Eat & Drink

June 3, 2014

Vegetables take center stage in new Italian cookbooks

Ask an Italian cook about tomatoes, and talk may turn to the importance of using Romas rather than beefsteaks when making a sauce. Or which tomatoes are salad appropriate. Or how they should be stored. Sometimes those cooks agree. Sometimes not. At least that’s what we found when we looked at three recent Italian cookbooks focused on vegetables.

Ask an Italian cook about tomatoes, and talk may turn to the importance of using Romas (maybe you call them plums) rather than beefsteaks when making a sauce. Or which tomatoes are salad appropriate. Or how they should be stored.

Sometimes those cooks agree. Sometimes not. At least that’s what we found when we looked at three recent Italian cookbooks focused on vegetables.

“I can be obsessive about tomatoes,” writes Italian cooking maestra Michele Scicolone in her new book. “Fresh tomatoes should always be kept at room temperature. Refrigerated, they become mealy and lose their flavor. Keep them stem side up on a countertop, out of the sun, and use them as soon as they are fully ripe.”

Domenica Marchetti confesses in her latest book: “One area where I am at odds with Italians on the subject of tomatoes concerns salad tomatoes. Italians prefer barely ripe tomatoes — still quite firm and mostly green with a soft pink blush — in their salads. Like the majority of Americans, I prefer my salad tomatoes to be ripe and juicy.”

Christopher Boswell understands. “In southern Italy, insalata caprese is almost always served with semi-green tomatoes,” he writes in his new volume. “Buffalo milk mozzarella is quite rich and if served with a ripe sweet tomato and with sweet basil, the dish can fall flat.”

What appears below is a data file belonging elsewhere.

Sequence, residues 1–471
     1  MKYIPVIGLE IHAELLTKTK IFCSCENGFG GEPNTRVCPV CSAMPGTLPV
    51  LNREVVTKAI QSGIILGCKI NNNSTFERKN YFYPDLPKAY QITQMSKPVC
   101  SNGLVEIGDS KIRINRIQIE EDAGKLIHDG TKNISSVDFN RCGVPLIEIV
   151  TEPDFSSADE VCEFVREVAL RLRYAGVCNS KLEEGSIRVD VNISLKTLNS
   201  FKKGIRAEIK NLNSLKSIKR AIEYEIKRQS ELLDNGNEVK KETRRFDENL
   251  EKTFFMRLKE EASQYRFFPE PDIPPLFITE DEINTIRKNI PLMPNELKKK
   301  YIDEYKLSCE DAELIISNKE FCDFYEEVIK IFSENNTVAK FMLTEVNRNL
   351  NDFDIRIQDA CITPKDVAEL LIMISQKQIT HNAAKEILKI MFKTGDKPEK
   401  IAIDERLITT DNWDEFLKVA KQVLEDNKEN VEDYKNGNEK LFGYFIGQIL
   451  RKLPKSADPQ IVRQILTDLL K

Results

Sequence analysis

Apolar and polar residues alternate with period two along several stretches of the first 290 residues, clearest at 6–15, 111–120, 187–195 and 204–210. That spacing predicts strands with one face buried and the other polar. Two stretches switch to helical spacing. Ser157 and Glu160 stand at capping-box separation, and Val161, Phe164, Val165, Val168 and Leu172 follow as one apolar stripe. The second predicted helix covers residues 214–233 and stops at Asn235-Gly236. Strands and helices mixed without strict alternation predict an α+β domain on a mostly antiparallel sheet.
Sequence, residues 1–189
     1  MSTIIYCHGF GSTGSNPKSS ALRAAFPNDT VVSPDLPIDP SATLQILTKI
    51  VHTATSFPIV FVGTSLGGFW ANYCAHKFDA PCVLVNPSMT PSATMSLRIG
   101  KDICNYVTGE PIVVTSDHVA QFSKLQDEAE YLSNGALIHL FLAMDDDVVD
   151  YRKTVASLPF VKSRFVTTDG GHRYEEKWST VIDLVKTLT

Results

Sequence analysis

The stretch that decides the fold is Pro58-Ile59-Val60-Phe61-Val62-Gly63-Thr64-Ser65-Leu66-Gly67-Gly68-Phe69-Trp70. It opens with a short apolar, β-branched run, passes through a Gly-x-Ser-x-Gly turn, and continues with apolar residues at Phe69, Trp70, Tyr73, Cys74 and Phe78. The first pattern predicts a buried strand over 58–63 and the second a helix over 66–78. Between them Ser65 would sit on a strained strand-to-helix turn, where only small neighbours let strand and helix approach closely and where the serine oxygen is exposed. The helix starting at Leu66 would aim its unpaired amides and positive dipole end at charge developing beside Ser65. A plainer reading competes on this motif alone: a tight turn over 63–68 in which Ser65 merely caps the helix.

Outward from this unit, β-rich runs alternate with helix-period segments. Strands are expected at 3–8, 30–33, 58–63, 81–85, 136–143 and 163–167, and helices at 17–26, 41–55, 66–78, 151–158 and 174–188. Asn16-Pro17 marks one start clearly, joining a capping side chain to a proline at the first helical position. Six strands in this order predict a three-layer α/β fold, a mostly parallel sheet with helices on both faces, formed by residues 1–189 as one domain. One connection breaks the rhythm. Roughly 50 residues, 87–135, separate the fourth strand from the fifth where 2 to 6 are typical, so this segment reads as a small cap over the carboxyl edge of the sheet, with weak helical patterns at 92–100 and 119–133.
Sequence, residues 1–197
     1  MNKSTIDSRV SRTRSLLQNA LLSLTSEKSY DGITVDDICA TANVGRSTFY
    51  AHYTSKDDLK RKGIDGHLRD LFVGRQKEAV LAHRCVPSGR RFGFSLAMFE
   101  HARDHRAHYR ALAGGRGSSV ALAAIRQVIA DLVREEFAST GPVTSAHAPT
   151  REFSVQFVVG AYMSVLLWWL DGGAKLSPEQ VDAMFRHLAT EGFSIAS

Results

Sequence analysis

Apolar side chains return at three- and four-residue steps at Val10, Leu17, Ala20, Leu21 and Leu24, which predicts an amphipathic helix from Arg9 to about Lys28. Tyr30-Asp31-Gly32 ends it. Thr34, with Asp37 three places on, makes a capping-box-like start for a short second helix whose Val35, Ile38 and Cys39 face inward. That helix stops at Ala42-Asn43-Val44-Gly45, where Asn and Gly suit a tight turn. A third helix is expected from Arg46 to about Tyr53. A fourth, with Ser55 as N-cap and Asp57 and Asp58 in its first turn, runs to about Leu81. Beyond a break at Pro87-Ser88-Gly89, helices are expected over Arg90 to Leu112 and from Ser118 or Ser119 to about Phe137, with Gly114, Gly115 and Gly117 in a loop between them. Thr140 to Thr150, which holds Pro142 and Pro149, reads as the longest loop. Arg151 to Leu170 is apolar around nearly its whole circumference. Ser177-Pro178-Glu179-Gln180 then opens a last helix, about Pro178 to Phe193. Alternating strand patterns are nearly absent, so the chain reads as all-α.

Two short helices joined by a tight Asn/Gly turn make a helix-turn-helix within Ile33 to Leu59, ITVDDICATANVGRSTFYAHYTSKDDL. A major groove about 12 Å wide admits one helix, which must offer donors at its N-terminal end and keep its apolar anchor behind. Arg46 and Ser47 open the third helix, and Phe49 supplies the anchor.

Verdure by Christopher Boswell (The Little Bookroom, $22)

Boswell, an American, is executive chef at the Rome Sustainable Food Project, at the American Academy in the Italian capital. His small book of recipes served at the academy is arranged by seasons and includes prep techniques, history and a bit on seasonality (i.e. a vegetable’s place in its growing season determines how to cook it).

The Italian Vegetable Cookbook by Michele Scicolone (Houghton Mifflin Harcourt, $30)

New Yorker Scicolone, who has written more than a dozen cookbooks, fills her antipasto-to-dessert book with recipes from her grandmother and others culled from her travel around Italy. Her tips on vegetable shopping, cleaning and storage are especially helpful.

The Glorious Vegetables of Italy by Domenica Marchetti (Chronicle Books, $30)

Spend time with the Vegetable Essentials chapter (36-plus explained, plus some images as well as info on herbs, ingredients and equipment), then dig into the recipes including a few preserves and condiments.

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